I know. That is why it stops at 2005.

The M3 Money Supply increased from 135 Billion in year 1950 to $10.15 Trillion in 2005 (an increase factor of 75.2).
The point is, inflation is high.

Lee Jamison wrote: I also have questions about the inflation chart comparing methodology for ‘83, ‘93, and the present. Those should show some differences in profiles because the components taken out (like home prices) are themselves volatile.
Yes. How convenient, eh?

The point is there is an attempt to keep making inflation look smaller.

Here’s where I got the info on the inflation methodologies.
Press Ctrl-F and search for “MEASURING INFLATION” about half way down the page.

Lee Jamison wrote: It is clear that inflation has been greatly understated in recent years.
Yes. We are in agreement.
Lee Jamison wrote: But for the huge increase in imports from places like China and India that made durable goods so much cheaper, covering the increases in items produced at home, we would have seen much more harm from it.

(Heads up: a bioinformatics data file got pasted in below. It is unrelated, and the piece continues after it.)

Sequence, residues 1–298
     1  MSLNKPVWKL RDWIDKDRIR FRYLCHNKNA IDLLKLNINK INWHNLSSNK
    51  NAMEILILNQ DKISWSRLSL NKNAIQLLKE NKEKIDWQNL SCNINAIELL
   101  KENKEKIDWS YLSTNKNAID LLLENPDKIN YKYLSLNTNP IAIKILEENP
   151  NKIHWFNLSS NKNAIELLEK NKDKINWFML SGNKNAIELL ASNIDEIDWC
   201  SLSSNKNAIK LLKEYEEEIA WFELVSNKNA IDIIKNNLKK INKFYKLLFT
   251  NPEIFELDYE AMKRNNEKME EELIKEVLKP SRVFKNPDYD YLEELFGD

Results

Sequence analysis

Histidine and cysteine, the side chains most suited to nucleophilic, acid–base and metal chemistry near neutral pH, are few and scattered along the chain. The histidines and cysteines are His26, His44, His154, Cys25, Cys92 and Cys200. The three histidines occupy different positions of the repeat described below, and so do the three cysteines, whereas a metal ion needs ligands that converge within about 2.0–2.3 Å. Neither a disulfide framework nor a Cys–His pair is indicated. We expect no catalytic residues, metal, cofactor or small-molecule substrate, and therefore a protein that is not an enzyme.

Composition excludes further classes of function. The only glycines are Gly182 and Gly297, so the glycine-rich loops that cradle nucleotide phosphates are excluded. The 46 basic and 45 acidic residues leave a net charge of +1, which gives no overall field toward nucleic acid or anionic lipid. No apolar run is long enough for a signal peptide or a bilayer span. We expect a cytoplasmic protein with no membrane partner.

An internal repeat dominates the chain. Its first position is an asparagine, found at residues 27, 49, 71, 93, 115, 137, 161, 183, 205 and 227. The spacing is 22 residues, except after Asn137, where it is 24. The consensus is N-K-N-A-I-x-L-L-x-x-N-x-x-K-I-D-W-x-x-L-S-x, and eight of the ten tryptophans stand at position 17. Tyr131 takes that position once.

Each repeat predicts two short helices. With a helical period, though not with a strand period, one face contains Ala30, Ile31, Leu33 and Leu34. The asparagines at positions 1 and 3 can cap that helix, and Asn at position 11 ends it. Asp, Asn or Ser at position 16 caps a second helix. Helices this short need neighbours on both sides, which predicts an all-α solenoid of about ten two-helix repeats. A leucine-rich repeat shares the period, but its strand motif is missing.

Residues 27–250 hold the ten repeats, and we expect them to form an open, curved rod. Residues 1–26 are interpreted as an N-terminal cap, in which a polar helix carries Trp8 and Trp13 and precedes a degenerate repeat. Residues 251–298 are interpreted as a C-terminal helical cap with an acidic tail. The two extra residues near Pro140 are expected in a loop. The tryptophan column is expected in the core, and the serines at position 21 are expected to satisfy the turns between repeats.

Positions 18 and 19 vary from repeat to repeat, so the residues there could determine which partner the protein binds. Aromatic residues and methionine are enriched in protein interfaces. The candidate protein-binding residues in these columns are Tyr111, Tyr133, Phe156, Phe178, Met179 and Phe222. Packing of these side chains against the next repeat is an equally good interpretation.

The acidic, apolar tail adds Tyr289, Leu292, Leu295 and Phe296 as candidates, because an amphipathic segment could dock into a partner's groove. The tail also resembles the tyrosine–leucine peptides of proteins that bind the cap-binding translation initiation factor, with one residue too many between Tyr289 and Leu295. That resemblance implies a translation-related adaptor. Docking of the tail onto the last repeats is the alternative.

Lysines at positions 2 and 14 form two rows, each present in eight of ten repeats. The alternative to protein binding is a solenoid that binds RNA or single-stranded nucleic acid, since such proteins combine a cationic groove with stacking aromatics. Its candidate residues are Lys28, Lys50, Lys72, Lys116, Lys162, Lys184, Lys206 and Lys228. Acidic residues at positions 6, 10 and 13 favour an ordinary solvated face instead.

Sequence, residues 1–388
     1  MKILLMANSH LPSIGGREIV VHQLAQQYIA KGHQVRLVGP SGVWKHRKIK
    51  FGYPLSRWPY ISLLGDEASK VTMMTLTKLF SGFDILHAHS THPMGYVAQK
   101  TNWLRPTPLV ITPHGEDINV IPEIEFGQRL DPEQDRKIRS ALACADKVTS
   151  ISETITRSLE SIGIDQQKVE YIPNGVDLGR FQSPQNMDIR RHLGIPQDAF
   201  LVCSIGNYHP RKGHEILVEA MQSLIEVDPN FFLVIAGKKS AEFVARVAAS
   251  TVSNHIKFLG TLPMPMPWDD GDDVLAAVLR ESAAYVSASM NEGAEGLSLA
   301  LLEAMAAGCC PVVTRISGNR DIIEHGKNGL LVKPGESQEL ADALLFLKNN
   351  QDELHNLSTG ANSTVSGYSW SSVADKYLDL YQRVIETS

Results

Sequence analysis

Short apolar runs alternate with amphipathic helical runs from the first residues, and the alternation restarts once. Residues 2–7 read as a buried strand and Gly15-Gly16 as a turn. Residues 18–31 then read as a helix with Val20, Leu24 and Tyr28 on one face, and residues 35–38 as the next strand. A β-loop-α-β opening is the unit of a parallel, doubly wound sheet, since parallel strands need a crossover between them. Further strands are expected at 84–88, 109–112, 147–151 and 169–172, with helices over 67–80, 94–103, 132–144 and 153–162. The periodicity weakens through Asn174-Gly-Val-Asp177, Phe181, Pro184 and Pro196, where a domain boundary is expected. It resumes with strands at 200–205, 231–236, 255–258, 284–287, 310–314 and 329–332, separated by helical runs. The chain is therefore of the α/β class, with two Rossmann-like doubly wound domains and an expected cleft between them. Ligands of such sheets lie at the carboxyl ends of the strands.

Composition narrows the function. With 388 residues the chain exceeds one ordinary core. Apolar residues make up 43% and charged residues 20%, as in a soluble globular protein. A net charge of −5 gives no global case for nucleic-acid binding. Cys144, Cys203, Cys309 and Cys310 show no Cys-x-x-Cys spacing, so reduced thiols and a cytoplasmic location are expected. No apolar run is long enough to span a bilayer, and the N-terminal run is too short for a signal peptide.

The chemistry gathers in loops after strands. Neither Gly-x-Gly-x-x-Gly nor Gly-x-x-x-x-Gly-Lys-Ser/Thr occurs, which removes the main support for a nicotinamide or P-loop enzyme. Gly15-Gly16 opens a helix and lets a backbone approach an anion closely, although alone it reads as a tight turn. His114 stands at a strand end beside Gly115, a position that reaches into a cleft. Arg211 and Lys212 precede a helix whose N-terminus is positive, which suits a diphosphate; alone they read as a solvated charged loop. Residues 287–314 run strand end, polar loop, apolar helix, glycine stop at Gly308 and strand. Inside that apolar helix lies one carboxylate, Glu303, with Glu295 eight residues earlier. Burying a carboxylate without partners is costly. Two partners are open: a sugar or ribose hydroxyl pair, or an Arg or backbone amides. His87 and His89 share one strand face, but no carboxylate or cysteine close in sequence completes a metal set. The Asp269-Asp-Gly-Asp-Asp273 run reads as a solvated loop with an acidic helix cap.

Agreed. We have borrowed a lot of money from other countries. They may not get their money back.
Lee Jamison wrote: The problem now is that fuel prices have become one of the largest components of the costs of these imported goods, so we especially feel it. The volume of dollars in the world is also an issue (quietly on of our most severe problems with North Korea, where counterfeiting is considered fair game) as our efforts to maintain liquidity at home inevitably hemorrages into the international market, driving dollar values down.